Last year, there was a media firestorm about a complaint filed by a George Washington University Professor against The Catholic University of America alleging discrimination of Muslims at the Catholic college. The complaint stated that crosses and other Christian symbols were offensive to Muslims.
No actual Muslim students were involved in the complaint and now The New York Times is reporting that Muslims are attending Catholic colleges in growing numbers specifically because of their religious nature. And ironically, they’re sometimes disappointed that some Catholic colleges are not faithful enough.
The Times reports that a decade ago, the University of Dayton had just 12 students from predominantly Muslim countries, all of them men. Last year, the report said, there were 78, and about one-third of them were women. And, according to the report, this is not an anomaly but Muslim populations on Catholic campuses are growing everywhere at a rate outpacing those at public universities. Since 2007 Muslim enrollment at The Catholic University of America has more than doubled, from 56 to 122, according to a statement by CUA President John Garvey that appeared in The Washington Post last October.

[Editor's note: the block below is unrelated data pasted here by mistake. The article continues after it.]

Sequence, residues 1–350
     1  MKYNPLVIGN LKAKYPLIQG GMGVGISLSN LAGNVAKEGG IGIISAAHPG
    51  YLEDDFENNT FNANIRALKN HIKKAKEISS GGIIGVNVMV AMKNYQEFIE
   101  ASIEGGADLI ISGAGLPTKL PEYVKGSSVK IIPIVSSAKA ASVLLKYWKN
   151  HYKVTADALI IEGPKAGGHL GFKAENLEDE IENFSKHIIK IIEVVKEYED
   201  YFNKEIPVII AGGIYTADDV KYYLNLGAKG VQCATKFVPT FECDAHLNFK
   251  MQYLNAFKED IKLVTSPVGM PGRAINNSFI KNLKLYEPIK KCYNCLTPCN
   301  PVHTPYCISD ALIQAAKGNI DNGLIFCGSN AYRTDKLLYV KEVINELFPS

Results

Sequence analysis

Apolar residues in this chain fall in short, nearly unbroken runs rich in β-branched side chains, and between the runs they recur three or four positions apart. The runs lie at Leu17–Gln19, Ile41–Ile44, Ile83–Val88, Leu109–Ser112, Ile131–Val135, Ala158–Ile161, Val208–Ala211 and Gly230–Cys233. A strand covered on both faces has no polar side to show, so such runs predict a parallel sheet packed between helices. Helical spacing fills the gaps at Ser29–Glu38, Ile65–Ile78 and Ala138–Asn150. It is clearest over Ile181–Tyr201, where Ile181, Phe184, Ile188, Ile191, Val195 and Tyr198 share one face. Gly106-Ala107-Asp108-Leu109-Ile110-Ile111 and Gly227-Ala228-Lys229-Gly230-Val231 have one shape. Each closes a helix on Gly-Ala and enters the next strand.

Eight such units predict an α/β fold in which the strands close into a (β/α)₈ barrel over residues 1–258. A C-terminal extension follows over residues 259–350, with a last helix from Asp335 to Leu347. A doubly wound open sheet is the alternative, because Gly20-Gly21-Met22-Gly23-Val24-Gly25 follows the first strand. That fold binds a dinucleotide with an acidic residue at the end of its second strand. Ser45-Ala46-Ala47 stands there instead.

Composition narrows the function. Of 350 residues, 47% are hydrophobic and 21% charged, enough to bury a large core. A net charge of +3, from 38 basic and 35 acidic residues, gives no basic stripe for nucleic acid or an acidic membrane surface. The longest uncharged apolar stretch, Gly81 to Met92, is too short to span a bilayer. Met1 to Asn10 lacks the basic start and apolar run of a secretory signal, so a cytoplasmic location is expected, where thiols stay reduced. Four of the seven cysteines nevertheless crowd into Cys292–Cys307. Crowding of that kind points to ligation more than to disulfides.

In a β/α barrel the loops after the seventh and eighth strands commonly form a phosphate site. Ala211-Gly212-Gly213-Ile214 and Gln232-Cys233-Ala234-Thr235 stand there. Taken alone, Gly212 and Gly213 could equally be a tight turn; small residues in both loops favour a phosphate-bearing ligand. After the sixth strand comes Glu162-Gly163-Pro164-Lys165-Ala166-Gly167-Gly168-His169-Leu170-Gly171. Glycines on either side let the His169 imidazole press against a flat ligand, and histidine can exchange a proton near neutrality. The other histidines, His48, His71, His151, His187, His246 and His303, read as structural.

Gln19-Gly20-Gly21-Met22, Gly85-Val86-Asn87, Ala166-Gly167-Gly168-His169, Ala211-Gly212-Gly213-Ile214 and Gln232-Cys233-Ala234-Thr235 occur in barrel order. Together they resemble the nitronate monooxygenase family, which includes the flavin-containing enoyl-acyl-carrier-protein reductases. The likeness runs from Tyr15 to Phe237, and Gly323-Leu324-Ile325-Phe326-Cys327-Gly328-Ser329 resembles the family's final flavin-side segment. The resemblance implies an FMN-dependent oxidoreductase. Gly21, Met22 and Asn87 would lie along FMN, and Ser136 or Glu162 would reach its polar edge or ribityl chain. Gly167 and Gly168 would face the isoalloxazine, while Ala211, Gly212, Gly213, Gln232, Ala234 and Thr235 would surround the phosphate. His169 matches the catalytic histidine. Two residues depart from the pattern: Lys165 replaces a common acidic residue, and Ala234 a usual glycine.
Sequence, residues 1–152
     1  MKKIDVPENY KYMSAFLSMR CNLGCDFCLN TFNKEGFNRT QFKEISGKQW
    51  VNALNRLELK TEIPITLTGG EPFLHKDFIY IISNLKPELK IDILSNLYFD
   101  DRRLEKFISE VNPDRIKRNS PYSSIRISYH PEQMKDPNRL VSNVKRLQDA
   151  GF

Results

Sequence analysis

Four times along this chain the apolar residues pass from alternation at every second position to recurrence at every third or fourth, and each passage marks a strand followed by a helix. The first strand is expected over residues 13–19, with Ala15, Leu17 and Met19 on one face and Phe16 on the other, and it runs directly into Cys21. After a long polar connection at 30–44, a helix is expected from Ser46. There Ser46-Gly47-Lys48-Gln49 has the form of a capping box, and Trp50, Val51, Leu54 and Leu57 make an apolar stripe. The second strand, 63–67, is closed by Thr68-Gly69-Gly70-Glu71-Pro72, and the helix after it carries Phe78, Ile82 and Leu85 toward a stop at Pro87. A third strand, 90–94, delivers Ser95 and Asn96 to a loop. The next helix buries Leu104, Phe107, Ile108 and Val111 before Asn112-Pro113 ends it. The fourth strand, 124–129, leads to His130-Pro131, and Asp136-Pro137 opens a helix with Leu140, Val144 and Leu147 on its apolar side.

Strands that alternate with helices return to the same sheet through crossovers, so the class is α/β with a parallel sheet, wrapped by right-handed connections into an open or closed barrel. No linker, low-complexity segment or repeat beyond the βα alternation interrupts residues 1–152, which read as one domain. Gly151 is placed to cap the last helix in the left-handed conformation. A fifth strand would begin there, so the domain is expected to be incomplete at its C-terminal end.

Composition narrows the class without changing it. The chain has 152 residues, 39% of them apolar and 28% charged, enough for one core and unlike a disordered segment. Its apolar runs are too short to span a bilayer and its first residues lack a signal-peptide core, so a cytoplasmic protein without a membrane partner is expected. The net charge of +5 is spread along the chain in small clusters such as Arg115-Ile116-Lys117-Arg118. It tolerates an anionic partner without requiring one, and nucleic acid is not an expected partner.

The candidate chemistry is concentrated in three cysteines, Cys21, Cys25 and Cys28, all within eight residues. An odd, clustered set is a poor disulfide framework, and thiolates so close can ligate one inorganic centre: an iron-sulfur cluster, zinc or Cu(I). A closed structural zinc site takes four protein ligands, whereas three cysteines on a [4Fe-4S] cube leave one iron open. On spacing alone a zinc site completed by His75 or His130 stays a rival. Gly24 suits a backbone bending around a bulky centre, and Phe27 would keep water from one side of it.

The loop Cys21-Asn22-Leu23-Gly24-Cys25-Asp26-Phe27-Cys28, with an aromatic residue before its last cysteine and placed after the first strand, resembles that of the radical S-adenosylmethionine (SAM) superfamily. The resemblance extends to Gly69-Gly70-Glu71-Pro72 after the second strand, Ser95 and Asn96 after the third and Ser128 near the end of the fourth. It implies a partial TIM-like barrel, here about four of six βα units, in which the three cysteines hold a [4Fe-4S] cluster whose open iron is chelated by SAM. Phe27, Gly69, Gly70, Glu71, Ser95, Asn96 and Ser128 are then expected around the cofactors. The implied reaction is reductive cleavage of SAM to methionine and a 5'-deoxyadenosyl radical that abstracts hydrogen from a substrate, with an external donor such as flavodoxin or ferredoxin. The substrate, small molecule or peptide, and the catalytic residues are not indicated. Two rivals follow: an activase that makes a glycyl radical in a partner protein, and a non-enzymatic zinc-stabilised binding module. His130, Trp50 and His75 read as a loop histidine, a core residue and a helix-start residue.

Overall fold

Surprisingly, it is the religious aspect of the college that Muslim students reportedly found most attractive.
“Here, people are more religious, even if they’re not Muslim, and I am comfortable with that,” said Mai Alhamad, a University of Dayton student told The Times. “I’m more comfortable talking to a Christian than an atheist.”
Some students were actually disappointed in the Catholic identity of the colleges they attended.
Many Muslim students, particularly women, say they based their college choices partly on the idea that Catholic schools would be less permissive than others in the United States, though the behavior they say they witness later can call that into question.
They like the prevalence of single-sex floors in dorms, and even single-sex dorms at some schools. “I thought it would be a better fit for me, more traditional, a little more conservative,” said Shameela Idrees, a Pakistani undergraduate in business at Marymount University in Arlington, Va., who at first lived in an all-women dorm.
The Times also reports that some Catholic colleges have made accommodations to Muslim students such as setting aside spaces for them to pray and installing an ablution room for washing of hands and feet.